- The second of two special-bodied prototypes for the celebrated 365 GTB/4 model
- Numerous prototype design features
- Displayed at the 1970 New York Auto Show by Luigi Chinetti
- Retains its numbers-matching engine; presented in the original factory color combination
- Single ownership for the last 25 years
- Ferrari Classiche Red Book certified
- Subject of a full-color feature in Forza magazine by noted motoring author Winston Goodfellow
- A fascinating insight into the early development of the beloved Daytona
The Ferrari 365 GTB/4 Daytona is undoubtedly one of Maranello’s most celebrated models, and the story of its advent has been told many times. Experts and historians often recount how the factory was not sufficiently financed to accelerate the development of its forthcoming rear-mounted flat-12 model, and that the 365 GTB/4 was therefore a stopgap—one final development of the long-running front-engine “Colombo” short-block V-12. The fact that this stopgap model was clothed in singular coachwork designed by Pininfarina and built by Scaglietti that stood out from anything produced before or after, and that it became one of the most popular Ferrari road cars of all time, was pure serendipity that belied the factory’s modest intentions in engineering the Daytona.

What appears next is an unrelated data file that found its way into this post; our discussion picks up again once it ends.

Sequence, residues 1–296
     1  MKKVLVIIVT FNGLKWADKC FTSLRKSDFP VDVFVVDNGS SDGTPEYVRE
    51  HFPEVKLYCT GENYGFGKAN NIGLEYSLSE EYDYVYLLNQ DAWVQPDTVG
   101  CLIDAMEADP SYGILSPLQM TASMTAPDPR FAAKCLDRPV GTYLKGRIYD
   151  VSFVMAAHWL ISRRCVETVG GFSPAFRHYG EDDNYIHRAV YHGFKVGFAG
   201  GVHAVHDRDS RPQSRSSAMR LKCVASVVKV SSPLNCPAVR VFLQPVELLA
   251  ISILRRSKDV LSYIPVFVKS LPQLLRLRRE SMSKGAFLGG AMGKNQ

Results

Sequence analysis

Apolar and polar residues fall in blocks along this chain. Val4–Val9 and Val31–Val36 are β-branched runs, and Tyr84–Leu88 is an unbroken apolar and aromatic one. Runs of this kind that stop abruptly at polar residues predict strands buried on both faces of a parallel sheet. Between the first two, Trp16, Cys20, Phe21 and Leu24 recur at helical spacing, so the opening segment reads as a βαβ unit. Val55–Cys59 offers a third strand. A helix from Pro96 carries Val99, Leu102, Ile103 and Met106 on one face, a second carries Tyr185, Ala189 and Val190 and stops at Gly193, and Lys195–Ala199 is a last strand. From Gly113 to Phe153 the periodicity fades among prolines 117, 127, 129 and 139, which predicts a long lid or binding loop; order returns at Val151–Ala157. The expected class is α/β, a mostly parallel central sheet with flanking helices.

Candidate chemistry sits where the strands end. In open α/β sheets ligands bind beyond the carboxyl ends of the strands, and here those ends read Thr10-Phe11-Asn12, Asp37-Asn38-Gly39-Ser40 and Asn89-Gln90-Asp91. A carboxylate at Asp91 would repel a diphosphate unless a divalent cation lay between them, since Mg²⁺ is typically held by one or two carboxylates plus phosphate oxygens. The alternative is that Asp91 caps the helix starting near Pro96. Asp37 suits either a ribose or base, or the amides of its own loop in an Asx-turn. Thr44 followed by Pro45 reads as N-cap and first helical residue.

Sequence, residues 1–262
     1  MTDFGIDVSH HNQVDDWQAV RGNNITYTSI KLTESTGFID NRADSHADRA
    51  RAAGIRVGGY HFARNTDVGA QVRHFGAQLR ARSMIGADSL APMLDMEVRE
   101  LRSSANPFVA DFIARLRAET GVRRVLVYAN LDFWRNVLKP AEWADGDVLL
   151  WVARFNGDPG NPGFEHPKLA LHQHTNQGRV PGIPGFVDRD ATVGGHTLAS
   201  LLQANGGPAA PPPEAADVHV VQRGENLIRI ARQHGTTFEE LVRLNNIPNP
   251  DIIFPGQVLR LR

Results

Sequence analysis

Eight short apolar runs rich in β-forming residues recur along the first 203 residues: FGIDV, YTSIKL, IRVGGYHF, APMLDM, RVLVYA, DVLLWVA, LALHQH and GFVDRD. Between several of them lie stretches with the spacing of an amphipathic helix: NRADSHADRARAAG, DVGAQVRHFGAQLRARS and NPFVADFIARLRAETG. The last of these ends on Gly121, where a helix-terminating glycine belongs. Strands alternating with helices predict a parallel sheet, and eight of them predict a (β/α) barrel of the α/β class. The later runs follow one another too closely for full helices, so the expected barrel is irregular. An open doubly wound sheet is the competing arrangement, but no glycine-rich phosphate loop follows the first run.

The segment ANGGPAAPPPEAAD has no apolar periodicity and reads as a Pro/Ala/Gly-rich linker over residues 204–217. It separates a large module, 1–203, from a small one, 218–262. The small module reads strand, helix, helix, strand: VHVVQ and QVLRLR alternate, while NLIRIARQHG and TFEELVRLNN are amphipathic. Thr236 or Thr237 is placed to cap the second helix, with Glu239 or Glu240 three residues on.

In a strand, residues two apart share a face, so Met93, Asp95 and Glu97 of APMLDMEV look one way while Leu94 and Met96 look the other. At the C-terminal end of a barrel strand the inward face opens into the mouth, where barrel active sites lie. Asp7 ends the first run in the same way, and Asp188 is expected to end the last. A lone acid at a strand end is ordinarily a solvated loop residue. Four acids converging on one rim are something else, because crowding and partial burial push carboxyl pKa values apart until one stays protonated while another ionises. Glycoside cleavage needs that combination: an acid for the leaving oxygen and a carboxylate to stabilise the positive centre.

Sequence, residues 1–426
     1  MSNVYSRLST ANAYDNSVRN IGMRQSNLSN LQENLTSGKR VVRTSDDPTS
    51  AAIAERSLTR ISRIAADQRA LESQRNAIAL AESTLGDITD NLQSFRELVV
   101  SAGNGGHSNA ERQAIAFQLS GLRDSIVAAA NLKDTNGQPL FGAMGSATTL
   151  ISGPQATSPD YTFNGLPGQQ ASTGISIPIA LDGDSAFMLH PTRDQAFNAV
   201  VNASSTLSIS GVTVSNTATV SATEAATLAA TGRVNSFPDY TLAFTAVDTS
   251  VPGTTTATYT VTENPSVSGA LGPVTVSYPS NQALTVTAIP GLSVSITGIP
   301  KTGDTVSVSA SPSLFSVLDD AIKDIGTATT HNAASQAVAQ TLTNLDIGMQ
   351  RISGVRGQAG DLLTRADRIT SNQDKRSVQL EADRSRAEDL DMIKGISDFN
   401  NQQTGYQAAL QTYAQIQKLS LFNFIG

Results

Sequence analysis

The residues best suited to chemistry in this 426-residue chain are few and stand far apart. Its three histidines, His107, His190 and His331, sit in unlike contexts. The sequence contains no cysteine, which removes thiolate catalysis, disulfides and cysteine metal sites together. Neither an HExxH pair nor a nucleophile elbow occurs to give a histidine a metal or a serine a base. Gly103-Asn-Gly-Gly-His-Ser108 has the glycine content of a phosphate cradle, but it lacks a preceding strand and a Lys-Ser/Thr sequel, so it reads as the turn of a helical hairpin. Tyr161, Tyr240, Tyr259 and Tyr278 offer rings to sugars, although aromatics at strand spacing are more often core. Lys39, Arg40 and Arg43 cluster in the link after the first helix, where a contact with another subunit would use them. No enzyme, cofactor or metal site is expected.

The Daytona moniker was never an official designation for the production model, and rumor has long held that Enzo Ferrari canceled the nomenclature in disgust after it was leaked to the press. But the featured Daytona prototype, chassis number 11001, not only lends some credibility to the notion that Daytona was an original factory name—but also serves as a fascinating insight into the evolution of Leonardo Fioravanti’s celebrated design.